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History

The University of Rochester Aging Institute (URAI) has been designed collaboratively over the past several years with input and representation from a multitude of stakeholders in aging and geriatrics across University schools and campuses and the Rochester community. A comprehensive needs assessment conducted in 2017 validated plans to create the URAI and identified the Institute’s role as the ultimate convener of all parties and individuals committed to work in aging, promoting collaboration, discovery and innovation.

The URAI provides a framework for collaboration related to three pillars of strength: Vital Discovery (research), Vital Care (health services) and Vital Living (community collaboration) across the entire University and Greater Rochester region. The URAI is designed to resonate with both stakeholders and consumers, including Rochester’s older adult population as is reflected in our Mission and Vision Statements.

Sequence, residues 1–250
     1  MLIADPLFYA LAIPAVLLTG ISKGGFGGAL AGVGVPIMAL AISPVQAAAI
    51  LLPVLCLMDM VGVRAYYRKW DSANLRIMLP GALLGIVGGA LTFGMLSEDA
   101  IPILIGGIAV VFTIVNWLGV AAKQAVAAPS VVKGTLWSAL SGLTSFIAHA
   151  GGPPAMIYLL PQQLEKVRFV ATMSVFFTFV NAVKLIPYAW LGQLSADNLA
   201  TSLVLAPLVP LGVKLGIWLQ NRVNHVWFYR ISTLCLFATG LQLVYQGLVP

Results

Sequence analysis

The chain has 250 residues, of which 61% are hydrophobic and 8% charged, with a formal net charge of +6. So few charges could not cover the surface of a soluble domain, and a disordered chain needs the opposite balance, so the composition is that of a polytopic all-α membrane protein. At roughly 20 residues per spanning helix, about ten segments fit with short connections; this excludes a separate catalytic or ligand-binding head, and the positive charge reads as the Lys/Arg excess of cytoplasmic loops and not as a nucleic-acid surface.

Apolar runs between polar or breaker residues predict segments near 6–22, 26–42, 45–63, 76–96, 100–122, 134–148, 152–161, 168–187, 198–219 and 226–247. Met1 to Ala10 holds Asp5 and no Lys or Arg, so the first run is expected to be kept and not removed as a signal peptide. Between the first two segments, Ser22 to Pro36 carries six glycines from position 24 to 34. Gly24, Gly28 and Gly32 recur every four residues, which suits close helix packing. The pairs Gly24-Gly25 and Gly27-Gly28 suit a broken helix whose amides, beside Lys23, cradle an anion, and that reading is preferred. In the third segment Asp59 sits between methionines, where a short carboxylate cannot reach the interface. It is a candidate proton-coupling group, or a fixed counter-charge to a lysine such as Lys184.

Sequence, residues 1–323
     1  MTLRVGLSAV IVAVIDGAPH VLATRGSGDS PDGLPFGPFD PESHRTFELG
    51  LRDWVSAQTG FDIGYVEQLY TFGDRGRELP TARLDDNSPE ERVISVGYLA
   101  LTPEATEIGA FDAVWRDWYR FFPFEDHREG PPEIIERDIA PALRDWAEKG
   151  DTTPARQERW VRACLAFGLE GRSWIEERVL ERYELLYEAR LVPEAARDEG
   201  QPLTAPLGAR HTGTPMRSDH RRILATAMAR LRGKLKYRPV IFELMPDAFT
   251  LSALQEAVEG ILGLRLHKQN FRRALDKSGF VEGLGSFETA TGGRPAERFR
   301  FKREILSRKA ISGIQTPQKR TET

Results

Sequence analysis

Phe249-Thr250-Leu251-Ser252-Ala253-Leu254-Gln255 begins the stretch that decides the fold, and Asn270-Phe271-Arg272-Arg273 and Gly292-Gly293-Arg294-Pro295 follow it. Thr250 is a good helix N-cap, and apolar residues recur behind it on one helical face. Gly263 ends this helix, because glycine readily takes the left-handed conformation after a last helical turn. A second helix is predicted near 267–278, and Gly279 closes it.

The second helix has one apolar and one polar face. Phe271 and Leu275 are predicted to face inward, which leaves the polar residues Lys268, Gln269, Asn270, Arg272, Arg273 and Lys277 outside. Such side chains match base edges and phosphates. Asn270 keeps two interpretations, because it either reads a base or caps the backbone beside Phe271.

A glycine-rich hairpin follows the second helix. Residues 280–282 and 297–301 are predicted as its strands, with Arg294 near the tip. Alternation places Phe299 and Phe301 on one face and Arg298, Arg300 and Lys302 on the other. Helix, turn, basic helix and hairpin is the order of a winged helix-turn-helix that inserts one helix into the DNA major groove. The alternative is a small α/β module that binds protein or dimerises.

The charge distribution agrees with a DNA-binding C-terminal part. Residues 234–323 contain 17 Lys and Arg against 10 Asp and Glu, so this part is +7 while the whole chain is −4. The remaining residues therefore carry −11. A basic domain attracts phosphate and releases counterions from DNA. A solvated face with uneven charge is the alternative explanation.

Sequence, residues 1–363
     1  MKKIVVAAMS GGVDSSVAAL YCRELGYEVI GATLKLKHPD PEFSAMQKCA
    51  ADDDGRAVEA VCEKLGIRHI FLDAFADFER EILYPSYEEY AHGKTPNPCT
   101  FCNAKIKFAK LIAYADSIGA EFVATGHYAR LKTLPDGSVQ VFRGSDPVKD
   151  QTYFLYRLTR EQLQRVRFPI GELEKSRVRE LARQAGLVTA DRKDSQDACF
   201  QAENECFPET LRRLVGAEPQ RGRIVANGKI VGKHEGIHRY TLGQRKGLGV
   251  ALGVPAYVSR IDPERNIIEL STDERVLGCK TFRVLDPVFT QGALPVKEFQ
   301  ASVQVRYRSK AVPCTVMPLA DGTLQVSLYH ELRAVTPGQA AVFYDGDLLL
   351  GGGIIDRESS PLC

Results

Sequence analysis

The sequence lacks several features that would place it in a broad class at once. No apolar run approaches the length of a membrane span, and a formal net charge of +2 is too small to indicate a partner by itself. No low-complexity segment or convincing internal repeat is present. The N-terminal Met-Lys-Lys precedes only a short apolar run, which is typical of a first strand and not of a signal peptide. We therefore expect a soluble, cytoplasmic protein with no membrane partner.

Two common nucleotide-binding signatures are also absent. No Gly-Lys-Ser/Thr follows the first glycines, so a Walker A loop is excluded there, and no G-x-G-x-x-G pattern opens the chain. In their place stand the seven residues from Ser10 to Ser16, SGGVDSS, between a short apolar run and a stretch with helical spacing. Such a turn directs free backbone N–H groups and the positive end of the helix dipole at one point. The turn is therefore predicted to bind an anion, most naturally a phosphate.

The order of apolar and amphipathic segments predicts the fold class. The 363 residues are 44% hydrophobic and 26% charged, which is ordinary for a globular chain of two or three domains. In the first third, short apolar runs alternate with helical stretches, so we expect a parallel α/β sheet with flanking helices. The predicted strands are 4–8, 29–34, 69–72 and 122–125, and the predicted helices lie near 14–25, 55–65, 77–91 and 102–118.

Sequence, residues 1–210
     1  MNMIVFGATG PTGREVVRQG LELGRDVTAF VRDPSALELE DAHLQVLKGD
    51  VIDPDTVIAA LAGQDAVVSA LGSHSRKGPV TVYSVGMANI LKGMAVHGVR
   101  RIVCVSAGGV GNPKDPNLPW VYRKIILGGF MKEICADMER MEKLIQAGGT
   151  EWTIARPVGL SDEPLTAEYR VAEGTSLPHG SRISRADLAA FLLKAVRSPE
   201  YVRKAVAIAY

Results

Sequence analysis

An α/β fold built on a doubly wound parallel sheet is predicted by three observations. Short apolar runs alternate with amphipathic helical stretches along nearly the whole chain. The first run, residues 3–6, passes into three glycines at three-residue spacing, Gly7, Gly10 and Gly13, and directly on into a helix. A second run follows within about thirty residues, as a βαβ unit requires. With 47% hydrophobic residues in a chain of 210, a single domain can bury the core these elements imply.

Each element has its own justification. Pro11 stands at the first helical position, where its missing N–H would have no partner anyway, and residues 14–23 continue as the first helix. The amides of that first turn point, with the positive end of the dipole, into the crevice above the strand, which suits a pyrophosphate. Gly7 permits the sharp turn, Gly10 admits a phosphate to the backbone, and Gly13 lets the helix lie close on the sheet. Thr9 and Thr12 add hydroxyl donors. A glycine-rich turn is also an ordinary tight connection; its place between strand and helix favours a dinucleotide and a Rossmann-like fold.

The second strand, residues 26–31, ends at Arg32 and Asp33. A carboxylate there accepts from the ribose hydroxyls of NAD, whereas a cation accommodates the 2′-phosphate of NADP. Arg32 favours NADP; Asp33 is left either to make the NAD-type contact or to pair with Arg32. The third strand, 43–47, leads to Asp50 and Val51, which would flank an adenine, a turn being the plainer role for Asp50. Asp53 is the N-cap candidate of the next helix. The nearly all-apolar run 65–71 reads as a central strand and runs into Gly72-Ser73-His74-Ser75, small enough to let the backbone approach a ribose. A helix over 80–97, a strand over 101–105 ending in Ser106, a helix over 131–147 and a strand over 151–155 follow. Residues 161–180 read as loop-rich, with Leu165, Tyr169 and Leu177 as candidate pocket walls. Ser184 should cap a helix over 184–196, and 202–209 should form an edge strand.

T. Franklin Williams—A Geriatrics Pioneer

T. Franklin Williams, MDT. Franklin Williams, M.D., was a founding father of the field of geriatric medicine in the United States and a mentor for generations of geriatricians and geriatrics academic leaders across the country. Dr. Williams, a professor emeritus of Medicine at the University of Rochester Medical Center and medical director of Monroe Community Hospital, was the second director of the National Institute on Aging (NIA) of the National Institutes of Health, serving from 1983 to 1991. Through a research and teaching career of 40 years in Rochester and his administrative leadership, Dr. Williams role-modeled successful aging and advanced aging issues and patient-centered geriatrics care.

"Frank Williams was a giant in the field, but as a resident I didn't know that," said Rosanne Leipzig, M.D., professor of Geriatrics at Mount Sinai Hospital in New York City who trained under Dr. Williams. "He was simply an extraordinary role model who led by example and taught all of us that there was art and a lot of science in providing good care to older adults. Many of the current leaders in and supporters of American geriatrics have a significant Rochester connection; this is due to Frank and his infectious love of the field and the patients."

Read More Dr. Williams' Life and Contributions to Geriatric Medicine